Both Charter Communications and Comcast remain upbeat about the prospects for their MVNO businesses, but executives from AT&T and Verizon are still waiting to see if the cable companies are going to figure out a viable business model.
Asked about the importance of wireless to the cable industry, “it’s significant,” said Tom Rutledge, chairman and CEO of Charter, at the UBS investor conference earlier this week. “We have over 200 million wireless devices connected to our network. We are a wireless company and we have a Wi-Fi business that we charge for, but not much relative to what people pay for mobility,” he said, noting that 80% of the bits on mobile companies’ devices “are coming through our networks because most of the future use of those devices is in sedentary environments, homes and offices.”
“We have this MVNO which we’ve exercised, I heard … it’s true that it doesn’t give you deep integration, so it has its limitations in terms of building a future product set,” he said, adding that Charter has applied for regulatory approval for 5G experiments. But he doesn’t see the need to do anything immediately on the MVNO front, reiterating that the company is unlikely to have a product to market until the end of 2017 and no big ramp until well into 2018.
Similarly, Mike Cavanagh, senior executive vice president and CFO at Comcast, said during the UBS conference that he’s aware there’s a need to overcome some of the skepticism of whether MVNOs can work, “but we’re optimistic that it can work for us against the goals that we have for that,” he said, according to a Seeking Alpha transcript.
Comcast revealed earlier this year that it had triggered a 5-year-old MVNO agreement with Verizon, and it’s concentrating on its own subscriber base rather than trying to launch a nationwide offering. Cavanagh said “we’re mobilized and we’re on top of it,” with 150 people working with Comcast Mobile President Greg Butz on it and “it’s going well. We have work to do to design the exact offering we want to have and lots of bits and pieces that go along with getting that right.”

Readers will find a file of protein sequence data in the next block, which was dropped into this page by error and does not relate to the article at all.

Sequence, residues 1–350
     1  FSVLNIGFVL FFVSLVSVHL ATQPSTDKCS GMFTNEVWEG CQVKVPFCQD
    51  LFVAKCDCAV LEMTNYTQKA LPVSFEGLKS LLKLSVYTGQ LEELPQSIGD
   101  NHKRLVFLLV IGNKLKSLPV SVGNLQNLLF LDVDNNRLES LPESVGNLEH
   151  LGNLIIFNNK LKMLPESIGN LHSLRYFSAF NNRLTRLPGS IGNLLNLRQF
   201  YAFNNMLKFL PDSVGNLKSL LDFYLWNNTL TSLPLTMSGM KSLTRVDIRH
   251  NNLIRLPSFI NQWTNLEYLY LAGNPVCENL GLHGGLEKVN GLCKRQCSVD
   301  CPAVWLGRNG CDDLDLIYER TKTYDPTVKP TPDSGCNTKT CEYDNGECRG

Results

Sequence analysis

Again, he said, it’s an opportunity to bring a product to Comcast’s customer base. “It's obviously got to be with people that are otherwise buying products from us that we have an affinity with to begin with,” whether via Wi-Fi or other products.
“What could work for us doesn't necessarily translate into what other people may think we ought to be trying to do, but for us, we have a—we are optimistic that we have a really good reason to believe that running hard at this—well, one, it's going to teach us a lot,” Cavanagh said. “We're in the learn and explore mode. It's the right thing for us to be doing at this stage, and maybe when we're sitting here in a year we'll have some kind of results to point to.”
At the same conference earlier in the week, AT&T Chairman and CEO Randall Stephenson said it will be interesting to watch whether somebody can finally figure out the MVNO business model. “These MVNO strategies are really kludgy,” he said, according to a Seeking Alpha transcript. “We’ve all tried them. Several people in the market have tried them, and they’re really difficult to execute on.”
Verizon Communications CEO and Chairman Lowell McAdam said he agreed with Stephenson’s point that over the past 20 years, “you’ve seen MVNOs come in and out. As you look at the dynamic in the marketplace and you look at the products that are coming, having a static offering, I think is going to be difficult.”
He said he wouldn’t change how the MVNO deal with cable is structured. “I mean MVNOs have been great for us over the years. They have very strong margins and I would certainly rather have the cable companies on the Verizon network where we get those margins than somebody else providing it to them, so we are satisfied with that and hopefully they are as well,” he said.